One of the most active clubs in Southern California is the SCOR Club, also known as the Cardiac Cyclists. Most SCOR members have had some form of heart disease: cardiac arrest, angina or bypass surgery. (SCOR stands for Specialized Cardiac Outpatient Rehabilitation.) The group was formed in 1974 by Whittier physical therapist Randy Ice, who guessed that outdoor bike rides would motivate his clients to stay on an exercise program far better than the drudgery of riding a stationary bike.
Ice was right. His Cardiac Cyclists continue to enjoy weekly Saturday rides 16 years later. The club has grown to 110 members. His former heart patients are now so fit that SCOR has added a Sunday ride for novices.
SCOR is well-known in cycling circles for organizing some of the area’s most popular “century (100-mile) rides,” such as the Solvang Century three weeks ago, the April 28 Whittier Hills Challenge and the Desert Classic in the fall. Most of the proceeds from these events go to the American Heart Assn. and the American Lung Assn.
Though the Cardiac Cyclists have a powerful motivation to begin a cycling program, Ice believes that “it’s the friendship and camaraderie that keeps them going. The club is a built-in mechanism for staying motivated.”
Another club with a special orientation is the Spokesmen, a club for gay men and women. According to Spokesmen member Richard Spierto, the club is “a good social outlet within the gay community. As a subculture, we had been focused on bars and clubs, alcohol and an unhealthy environment. The club provides a healthy, non-threatening atmosphere.
“I think it also provides a positive image of gay people to the rest of the world,” Spierto said.
Mountain bikers aren’t generally a club-joining sort, though many have banded together to form the Concerned Off-Road Bicyclists Assn., a group that works to keep trails open, maintains trails and even patrols trails. CORBA works primarily in the Santa Monica Mountains; the Mt. Wilson Bicycling Assn. does similar work in the San Gabriels.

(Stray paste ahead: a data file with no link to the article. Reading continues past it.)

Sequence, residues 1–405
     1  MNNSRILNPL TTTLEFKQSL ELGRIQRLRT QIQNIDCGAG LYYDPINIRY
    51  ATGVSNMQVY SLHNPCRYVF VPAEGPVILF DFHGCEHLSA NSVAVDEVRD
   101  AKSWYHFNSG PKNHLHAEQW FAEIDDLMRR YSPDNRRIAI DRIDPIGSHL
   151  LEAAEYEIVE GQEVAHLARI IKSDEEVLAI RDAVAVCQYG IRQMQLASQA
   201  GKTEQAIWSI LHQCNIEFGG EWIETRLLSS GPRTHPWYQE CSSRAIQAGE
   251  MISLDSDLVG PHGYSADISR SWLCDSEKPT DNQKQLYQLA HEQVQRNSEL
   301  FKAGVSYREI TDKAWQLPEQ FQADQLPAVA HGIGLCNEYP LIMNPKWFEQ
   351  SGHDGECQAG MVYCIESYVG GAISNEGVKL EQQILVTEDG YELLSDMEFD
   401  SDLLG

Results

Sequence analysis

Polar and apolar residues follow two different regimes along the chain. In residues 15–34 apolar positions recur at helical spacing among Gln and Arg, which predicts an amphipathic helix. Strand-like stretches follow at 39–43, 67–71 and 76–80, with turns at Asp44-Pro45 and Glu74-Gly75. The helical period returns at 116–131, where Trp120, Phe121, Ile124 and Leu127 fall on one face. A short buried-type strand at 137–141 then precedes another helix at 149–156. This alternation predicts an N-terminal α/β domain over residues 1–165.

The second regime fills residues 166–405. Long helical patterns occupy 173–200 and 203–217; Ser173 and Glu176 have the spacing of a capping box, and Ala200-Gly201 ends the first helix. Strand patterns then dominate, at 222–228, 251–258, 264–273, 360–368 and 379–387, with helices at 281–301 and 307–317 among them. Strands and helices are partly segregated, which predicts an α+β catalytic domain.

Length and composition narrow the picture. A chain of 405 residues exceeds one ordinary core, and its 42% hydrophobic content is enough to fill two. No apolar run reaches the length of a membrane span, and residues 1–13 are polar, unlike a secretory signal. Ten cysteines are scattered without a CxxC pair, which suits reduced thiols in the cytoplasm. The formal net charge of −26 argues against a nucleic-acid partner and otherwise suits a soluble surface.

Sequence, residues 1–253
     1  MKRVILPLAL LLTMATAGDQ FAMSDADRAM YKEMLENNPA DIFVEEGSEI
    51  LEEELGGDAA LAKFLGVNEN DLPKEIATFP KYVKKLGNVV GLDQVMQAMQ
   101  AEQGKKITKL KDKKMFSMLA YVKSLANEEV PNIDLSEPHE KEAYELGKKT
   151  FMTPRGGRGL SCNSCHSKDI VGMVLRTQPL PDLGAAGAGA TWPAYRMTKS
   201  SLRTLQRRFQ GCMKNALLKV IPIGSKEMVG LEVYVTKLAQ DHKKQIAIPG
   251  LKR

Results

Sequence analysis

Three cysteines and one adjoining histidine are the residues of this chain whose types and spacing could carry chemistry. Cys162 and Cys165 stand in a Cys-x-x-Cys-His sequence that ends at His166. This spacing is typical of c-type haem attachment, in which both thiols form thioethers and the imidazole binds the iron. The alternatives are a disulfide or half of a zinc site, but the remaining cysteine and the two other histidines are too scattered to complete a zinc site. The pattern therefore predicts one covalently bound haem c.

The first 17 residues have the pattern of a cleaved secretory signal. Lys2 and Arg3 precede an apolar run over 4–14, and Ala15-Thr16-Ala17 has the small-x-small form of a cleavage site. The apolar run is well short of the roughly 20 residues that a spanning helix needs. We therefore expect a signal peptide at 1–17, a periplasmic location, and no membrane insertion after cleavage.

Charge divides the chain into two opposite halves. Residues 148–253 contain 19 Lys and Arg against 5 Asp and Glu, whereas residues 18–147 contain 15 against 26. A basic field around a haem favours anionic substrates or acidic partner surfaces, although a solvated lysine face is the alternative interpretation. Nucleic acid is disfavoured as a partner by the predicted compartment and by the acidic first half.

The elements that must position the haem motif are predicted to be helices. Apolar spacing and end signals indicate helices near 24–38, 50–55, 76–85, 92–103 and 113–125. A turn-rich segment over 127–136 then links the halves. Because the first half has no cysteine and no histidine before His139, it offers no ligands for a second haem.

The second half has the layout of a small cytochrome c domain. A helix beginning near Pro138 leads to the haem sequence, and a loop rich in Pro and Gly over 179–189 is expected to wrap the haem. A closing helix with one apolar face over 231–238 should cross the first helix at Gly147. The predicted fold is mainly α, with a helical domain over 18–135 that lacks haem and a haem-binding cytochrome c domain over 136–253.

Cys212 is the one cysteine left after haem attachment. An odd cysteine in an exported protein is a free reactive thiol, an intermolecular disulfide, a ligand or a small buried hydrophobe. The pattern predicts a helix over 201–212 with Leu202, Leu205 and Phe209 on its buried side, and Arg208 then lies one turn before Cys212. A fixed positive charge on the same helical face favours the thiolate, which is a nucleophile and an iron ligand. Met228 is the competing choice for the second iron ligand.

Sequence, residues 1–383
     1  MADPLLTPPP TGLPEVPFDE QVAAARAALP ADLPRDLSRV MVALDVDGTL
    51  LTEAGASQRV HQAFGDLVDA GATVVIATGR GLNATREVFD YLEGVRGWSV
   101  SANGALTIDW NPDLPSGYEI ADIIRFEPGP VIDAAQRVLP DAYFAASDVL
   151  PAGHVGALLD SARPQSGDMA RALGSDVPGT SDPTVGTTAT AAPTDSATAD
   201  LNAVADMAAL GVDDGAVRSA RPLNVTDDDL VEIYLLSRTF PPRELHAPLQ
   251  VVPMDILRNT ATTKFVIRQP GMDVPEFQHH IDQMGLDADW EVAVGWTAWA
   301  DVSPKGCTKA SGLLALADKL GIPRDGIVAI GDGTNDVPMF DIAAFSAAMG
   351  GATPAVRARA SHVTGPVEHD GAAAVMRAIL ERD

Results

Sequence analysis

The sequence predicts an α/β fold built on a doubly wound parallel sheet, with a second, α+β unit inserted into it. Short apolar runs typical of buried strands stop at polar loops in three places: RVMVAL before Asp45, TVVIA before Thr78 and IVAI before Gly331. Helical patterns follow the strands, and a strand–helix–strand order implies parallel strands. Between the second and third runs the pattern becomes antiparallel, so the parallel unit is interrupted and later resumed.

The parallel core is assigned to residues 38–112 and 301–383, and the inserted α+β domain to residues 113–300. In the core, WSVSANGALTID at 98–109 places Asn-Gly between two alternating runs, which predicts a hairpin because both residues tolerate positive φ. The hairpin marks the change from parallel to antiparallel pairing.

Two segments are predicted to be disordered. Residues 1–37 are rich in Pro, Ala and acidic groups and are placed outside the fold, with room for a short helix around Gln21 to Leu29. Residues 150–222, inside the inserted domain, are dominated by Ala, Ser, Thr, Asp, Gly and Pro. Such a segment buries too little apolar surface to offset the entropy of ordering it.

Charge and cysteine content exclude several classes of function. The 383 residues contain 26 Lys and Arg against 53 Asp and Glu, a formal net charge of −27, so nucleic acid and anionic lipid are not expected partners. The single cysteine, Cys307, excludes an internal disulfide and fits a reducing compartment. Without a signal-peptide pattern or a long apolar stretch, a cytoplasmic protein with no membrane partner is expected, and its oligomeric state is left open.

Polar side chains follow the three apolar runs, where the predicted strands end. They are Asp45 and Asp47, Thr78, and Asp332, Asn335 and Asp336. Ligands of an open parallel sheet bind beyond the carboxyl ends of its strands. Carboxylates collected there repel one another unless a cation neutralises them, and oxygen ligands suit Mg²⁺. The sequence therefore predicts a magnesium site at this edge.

Touring is the focus of two national cycling clubs--Bikecentennial and American Youth Hostels. Bikecentennial is a resource for touring cyclists, offering maps and books on long-distance bike routes. The group organizes tours that range from transcontinental rides to weeklong regional rides.
American Youth Hostels, which organizes group rides all over the world, has a strong local presence, with chapters in Los Angeles and San Diego. Both chapters organize hosteling tours that originate locally, and they refer interested riders to tours organized by the national organization. “Youth” in the name is a bit misleading; members may be of any age.
Another group with a touring emphasis is the Bicycle Touring Section of the Sierra Club Angeles chapter. The group plans frequent weekend and holiday tours.
The major national organization for bicycle riders is the League of American Wheelmen. The name may sound old-fashioned and sexist, but a name change to “Bike USA” several years ago proved unpopular. The league and its 500 affiliated clubs (in this area: Los Angeles, Orange County and San Diego Wheelmen) are active in rider-education programs and legislative support to its members.
Whatever the motivation for getting involved--rehabilitation, serious training or active socializing--bike clubbing can easily become a lifestyle.
As Nancy Wedeen explains: “Cyclists are good people to be around. Most have good healthy attitudes; 99.9% are nonsmokers. They eat right, sleep right, and it’s all circular. It affects them psychologically. They’re optimistic people who care about the environment. It becomes a whole milieu.”
Where to Find Comrades on Wheels
Listed below are the Southland’s major bicycling clubs. A complete listing of clubs appears in California Bicyclist, a tabloid distributed in bike shops.
For additional club information, check with a local bike shop, which may already sponsor a club or be able to refer you to one in your area.
The clubs here are recreational/touring clubs unless otherwise designated.
* American Youth Hostels, Los Angeles: (213) 831-8846.
* American Youth Hostels, San Diego: (619) 239-2644.
* Bikecentennial: (406) 721-1776.
* Concerned Off-Road Bicyclists Assn.: (818) 991-6626.
* Conejo Valley Cyclists: (805) 497-3562.
* Ernie’s (racing): (213) 393-5976.
* Goleta Valley Cycling Club: (805) 684-5942.
* Los Angeles Racing Team: (213) 390-9178.
* Los Angeles Wheelmen: (213) 661-0070.
* Mt. Wilson Bicycle Assn.: (818) 795-3836.
* Orange County Wheelmen: (714) 956-2453.
* Riverside Bicycle Club: (714) 683-1602.
* San Diego Wheelmen: (619) 281-6180.
* San Fernando Valley Bicycle Club: (818) 787-2788.
* SCOR Cardiac Cyclists: (213) 945-6366.
* Sierra Club: (213) 387-4287 or (805) 254-1471.
* Spokesmen: (818) 343-1356.